Avisman vs. Trauma II, IWRG Intercontinental Lightweight Championship, 8/16/09
This was OK.
They put each other in interesting holds, and the selling was good, particularly from Avisman, who reminds me of this angry little kid I went to school with. The problem with these guys is that every time they work the mat, they put each other in submission holds. When they can't get a submission, they release the hold without being told to break. It doesn't make sense to give up position in a wrestling match. They'd be better off countering their way out of a hold, or better yet, countering the hold before it can be hooked into a submission. The annoying thing about all the resets is that you know that every single time they return to the neutral position that they're going to swap positions on the mat. So what you get is a bunch of highspots on the mat and some weak transitions.
You almost get the feeling that these guys want to be maestros before their time. The difference between these younger guys and Terry and Navarro is that Terry and Navarro are looking to hurt each other. When Terry or Navarro release a hold, their selling tells the story. They're bastards, who've mastered the art of hurting each other. The second fall was better in this respect, as Avisman went after Trauma's injured shoulder, but the other thing I couldn't understand about this match is why Avisman went over. Trauma had a kayfabe reason for losing the belt, but he'd only just won it. IWRG booking just doesn't make sense. The finish was awful as they threw in a couple of unnecessary topes and Avisman wrenched the arm about twenty times before Trauma would submit. Was that supposed to make Trauma look tough? That was ridiculous.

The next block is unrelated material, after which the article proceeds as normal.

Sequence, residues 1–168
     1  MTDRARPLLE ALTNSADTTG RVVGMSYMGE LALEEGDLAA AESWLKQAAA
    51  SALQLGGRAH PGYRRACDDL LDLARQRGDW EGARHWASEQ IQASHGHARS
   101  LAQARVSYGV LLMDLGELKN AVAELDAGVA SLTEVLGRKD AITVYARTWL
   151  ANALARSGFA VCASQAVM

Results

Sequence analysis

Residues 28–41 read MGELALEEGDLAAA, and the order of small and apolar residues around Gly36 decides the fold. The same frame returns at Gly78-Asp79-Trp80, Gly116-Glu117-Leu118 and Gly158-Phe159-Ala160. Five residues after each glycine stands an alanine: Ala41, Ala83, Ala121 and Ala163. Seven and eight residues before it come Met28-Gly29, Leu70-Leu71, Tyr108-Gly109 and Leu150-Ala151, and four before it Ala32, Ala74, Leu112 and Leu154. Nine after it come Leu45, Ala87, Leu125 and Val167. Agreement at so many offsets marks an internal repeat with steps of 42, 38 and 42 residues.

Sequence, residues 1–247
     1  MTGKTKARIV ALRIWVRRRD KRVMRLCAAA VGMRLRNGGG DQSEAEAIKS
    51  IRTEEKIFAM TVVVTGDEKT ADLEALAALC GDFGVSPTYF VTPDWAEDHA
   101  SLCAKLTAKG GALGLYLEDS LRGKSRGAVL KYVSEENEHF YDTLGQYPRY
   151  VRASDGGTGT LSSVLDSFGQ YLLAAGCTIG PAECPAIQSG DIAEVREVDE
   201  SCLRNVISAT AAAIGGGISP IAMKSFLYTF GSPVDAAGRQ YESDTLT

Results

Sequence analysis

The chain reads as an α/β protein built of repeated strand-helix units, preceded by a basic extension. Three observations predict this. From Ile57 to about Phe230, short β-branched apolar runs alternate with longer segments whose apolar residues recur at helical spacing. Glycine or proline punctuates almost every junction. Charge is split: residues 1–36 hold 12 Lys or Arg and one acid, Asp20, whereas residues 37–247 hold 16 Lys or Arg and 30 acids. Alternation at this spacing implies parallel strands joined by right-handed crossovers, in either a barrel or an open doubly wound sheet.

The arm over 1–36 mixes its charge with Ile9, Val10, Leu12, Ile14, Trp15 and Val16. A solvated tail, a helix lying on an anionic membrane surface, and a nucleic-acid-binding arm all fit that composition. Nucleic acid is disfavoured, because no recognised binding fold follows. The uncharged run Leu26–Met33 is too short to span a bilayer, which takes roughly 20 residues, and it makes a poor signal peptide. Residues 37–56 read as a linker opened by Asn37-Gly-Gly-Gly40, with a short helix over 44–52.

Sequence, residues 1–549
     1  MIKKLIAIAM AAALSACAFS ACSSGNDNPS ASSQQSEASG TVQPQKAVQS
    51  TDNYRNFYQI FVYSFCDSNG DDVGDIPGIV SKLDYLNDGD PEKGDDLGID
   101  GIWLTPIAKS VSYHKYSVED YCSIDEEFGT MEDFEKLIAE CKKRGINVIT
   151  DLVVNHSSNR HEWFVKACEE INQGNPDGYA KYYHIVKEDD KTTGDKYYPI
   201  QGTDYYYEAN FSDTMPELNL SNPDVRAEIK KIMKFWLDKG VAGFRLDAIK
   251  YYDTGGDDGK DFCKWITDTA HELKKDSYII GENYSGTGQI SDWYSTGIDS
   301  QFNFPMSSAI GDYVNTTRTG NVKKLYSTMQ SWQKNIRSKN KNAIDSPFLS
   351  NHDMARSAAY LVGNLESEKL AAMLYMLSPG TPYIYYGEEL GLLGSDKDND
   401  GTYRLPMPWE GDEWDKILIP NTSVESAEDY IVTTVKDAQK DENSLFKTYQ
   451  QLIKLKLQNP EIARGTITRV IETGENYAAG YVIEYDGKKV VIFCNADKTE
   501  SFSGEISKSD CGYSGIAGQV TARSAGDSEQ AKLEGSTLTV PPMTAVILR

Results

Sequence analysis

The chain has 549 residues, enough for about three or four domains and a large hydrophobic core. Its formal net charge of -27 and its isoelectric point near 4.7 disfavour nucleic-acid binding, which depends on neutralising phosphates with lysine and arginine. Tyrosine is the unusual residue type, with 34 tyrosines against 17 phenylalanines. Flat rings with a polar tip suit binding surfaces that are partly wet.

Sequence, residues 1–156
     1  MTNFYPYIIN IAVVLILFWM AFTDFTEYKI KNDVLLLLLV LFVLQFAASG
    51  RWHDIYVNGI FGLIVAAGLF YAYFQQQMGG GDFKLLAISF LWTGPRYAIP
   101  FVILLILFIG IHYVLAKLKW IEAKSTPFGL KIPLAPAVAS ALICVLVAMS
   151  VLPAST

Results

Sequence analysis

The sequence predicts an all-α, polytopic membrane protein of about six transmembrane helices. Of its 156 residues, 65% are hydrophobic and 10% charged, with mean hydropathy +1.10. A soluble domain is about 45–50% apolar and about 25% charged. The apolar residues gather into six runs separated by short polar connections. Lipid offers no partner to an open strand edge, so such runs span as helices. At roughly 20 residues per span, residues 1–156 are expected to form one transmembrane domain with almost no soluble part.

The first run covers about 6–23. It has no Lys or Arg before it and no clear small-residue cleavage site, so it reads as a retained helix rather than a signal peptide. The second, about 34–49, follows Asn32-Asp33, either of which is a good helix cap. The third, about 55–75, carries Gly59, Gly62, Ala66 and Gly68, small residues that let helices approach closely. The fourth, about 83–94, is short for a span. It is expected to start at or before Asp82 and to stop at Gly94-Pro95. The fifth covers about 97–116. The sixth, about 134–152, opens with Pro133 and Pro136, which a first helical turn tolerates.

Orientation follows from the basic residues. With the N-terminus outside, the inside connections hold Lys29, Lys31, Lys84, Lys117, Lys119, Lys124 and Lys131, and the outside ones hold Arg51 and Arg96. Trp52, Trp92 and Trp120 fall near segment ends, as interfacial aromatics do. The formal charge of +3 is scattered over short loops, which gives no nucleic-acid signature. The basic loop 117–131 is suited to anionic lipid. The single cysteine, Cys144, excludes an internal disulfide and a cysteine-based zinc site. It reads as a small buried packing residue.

IWRG - Festival de Máscaras - 8/20/09
Cerebro Negro Dr. Cerebro
Orito El Panterita
This was a tidy match, but I was expecting at least one spectacular sequence. Freelance was strangely subdued.
Los Misioneros de la Muerte
El Signo Negro Navarro
Black Terry Shu el Guerrero
This won't be to everyone's tastes, but I was really enjoying it until IWRG decided they'd had enough and blinded me with white light.
The Terry vs. Navarro feud has morphed into Bill Dundee vs. Jerry Lawler. Both guys have developed amazing punches, adding another dimension to the best feud in wrestling. It's a shame that lucha doesn't do loser leaves town matches, as that would be the match of the decade. Terry lost his hair to Chico Che on the 16th, so now he truly looks as craggy and windswept as the great Western films and the directors who made them. He had a cut above his eye, which Signo did an expert job of reopening. Signo can't move like he used to, but he's still pretty useful with his mitts.
The match itself was bare and minimalistic, just the way it ought to be. The match wasn't about matwork as much as it was about hurting people. Signo had his old mask on, where the mouthpiece makes it look like he's grinning the whole time. Shu worked an arm injury, so naturally Terry tried evening the score, but he had a tough time dealing with Signo's wrist strength. With some of the reverse holds they did, it looked like Signo was laughing at him. Navarro, as usual, was on another level. The finish was bullshit, like it usually is in Terry/Navarro matches, but Navarro is untouchable. I've seen some unbeatable workers in my time, guys who only ever lose because it's a work, but Navarro is on a whole nutha level. Now that he can throw rights and lefts equally well, he's just untouchable.
Be warned: this was a slow match. There was a time when Signo and Shu el Guerrero would've torn it up in their opening mat exchange, but not anymore. Still, if you like selling and killer holds, here's this week's recommendation.
Homenaje al Matemático
This was a trophy presentation to honour Matemático's 40th year in wrestling. Very cool. You're better off watching this than the main event.